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## Über dieses Buch

This book is intended as a text for a first course in stochastic processes at the upper undergraduate or graduate levels, assuming only that the reader has had a serious calculus course-advanced calculus would even be better-as well as a first course in probability (without measure theory). In guiding the student from the simplest classical models to some of the spatial models, currently the object of considerable research, the text is aimed at a broad audience of students in biology, engineering, mathematics, and physics. The first two chapters deal with discrete Markov chains-recurrence and tran­ sience, random walks, birth and death chains, ruin problem and branching pro­ cesses-and their stationary distributions. These classical topics are treated with a modem twist: in particular, the coupling technique is introduced in the first chap­ ter and is used throughout. The third chapter deals with continuous time Markov chains-Poisson process, queues, birth and death chains, stationary distributions. The second half of the book treats spatial processes. This is the main difference between this work and the many others on stochastic processes. Spatial stochas­ tic processes are (rightly) known as being difficult to analyze. The few existing books on the subject are technically challenging and intended for a mathemat­ ically sophisticated reader. We picked several interesting models-percolation, cellular automata, branching random walks, contact process on a tree-and con­ centrated on those properties that can be analyzed using elementary methods.

## Inhaltsverzeichnis

### I. Discrete Time Markov Chains

Abstract
What is in this chapter? We consider a sequence of random variables (Xn)n≥1 defined on the same probability space and having countably many possible values. We think of X n as being the state of a certain system at time n. Given that Xn-1 is in some state i then X n will be in some state j with a probability denoted by p(i, j); the transition probabilities p(i, j) are built in the model. The fact that given Xn-1 we may compute the distribution of X n (we do not need to know the X k for k < n - 1) is a particular case of the Markov property: the future depends on the present and on the past only through the present.
Rinaldo B. Schinazi

### II. Stationary Distributions of a Markov Chain

Abstract
What is in this chapter? Let X n be the state of a Markov chain at time n. Assume that X0, the initial state of the chain, is distributed according to a distribution π. That is, assume that the probability that X0 is in state i is π(i). Can we find a distribution π such that if X0 has distribution π then X n , for all times n, also has distribution π? Such a distribution is said to be stationary for the chain. This chapter deals with the existence of and the convergence to stationary distributions.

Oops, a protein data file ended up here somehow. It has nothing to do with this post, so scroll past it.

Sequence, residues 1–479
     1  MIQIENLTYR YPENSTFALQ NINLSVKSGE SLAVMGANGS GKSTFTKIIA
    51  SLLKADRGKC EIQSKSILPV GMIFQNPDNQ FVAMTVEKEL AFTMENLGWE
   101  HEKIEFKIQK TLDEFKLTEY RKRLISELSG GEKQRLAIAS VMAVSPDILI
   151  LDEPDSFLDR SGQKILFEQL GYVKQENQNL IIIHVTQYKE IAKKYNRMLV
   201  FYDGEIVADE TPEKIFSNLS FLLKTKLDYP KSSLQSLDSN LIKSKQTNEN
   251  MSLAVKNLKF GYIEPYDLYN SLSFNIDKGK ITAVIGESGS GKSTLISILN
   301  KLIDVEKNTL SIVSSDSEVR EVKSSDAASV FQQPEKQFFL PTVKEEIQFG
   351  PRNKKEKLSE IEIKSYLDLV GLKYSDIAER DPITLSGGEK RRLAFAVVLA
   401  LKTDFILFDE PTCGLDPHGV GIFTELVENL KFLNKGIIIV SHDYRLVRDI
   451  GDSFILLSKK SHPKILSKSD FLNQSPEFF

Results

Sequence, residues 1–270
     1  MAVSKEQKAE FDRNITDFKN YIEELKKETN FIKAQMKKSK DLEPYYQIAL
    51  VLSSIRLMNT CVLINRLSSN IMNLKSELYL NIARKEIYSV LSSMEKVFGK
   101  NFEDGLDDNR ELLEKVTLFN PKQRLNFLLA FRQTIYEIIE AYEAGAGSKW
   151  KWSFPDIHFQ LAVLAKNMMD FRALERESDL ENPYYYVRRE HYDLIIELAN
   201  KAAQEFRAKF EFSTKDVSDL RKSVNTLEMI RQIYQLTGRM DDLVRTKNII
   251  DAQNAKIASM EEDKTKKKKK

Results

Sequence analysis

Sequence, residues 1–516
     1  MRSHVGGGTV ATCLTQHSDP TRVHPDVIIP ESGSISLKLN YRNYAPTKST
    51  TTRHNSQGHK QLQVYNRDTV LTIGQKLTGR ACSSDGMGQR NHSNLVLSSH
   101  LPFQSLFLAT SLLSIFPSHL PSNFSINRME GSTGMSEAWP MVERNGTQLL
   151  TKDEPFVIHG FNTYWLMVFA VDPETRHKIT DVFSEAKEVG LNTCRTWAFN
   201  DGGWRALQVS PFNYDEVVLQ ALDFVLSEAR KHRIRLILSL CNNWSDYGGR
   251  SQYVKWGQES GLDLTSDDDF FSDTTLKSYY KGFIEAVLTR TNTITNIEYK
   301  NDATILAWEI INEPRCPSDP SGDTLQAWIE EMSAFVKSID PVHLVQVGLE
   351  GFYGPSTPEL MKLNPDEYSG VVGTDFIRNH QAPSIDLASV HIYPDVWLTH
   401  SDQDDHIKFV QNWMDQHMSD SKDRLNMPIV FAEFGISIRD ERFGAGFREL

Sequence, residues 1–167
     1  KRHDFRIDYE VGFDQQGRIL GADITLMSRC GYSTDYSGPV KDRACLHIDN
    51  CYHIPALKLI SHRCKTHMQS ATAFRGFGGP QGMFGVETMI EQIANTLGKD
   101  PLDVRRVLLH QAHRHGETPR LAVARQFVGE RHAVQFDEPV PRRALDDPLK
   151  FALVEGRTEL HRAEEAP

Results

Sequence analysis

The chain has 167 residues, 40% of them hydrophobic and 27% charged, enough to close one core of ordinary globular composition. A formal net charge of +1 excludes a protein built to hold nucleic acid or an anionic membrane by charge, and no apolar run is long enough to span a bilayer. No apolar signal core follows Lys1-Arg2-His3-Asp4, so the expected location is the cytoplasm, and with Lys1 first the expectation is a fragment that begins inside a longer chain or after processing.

Rinaldo B. Schinazi

### III. Continuous Time Birth and Death Markov Chains

Abstract
What is in this chapter? In Chapters I and II we considered chains that change state at integer times. In this chapter, the change of state occurs after a random time. We are still considering chains with countably many states. Many of the results and techniques of the preceding chapter may be adapted to this new class of models.
Rinaldo B. Schinazi

### IV. Percolation

Abstract
What is in this chapter? Percolation is the first spatial model we will consider. Percolation models are very popular in a number of fields: a search in the CARL data base turned out more than 1500 articles related to percolation for the period 1988–1997.
Rinaldo B. Schinazi

### V. A Cellular Automaton

Abstract
What is in this chapter? Cellular automata are widely used models in mathematical physics and in theoretical biology. These systems start from a random state and then evolve using deterministic rules, with time being discrete. We concentrate on a specific model in this chapter. We define the initial configuration as follows. For each site in Z 2 we put a 1 with probability p or a 0 with probability 1 — p. This is done independently for each site. The rules of evolution for the cellular automaton are the following. If there is 1 at a site it remains there forever. If there is a 0 at a given site and if at least one neighbor in each of the orthogonal directions is a 1 then we replace the 0 by a 1 at the next update.
Rinaldo B. Schinazi

### VI. Continuous Time Branching Random Walk

Abstract
What is in this chapter? Branching random walks are among the simplest continuous time spatial processes. Consider a system of particles that undergo branching and random motion on a countable graph (such as Z d or a homogeneous tree) according to the two following rules. A particle at x waits an exponential random time with rate λp(x, y) > 0 and then gives birth to a particle at y. p(x, y) are the transition probabilities of a Markov chain and λ > 0 is a parameter. A particle waits an exponential time with rate 1 and then dies.
Rinaldo B. Schinazi

### VII. The Contact Process on a Homogeneous Tree

Abstract
What is in this chapter? The contact process has the same birth and death rates as a particular branching Markov chain for which births occur only on nearest neighbor sites. The difference between the two models is that there is at most one particle per site for the contact process while there is no bound in the number of particles per site for branching Markov chains. So, branching Markov chains and the contact process may be thought of as two extreme points in the same class of models.
Rinaldo B. Schinazi

### Backmatter

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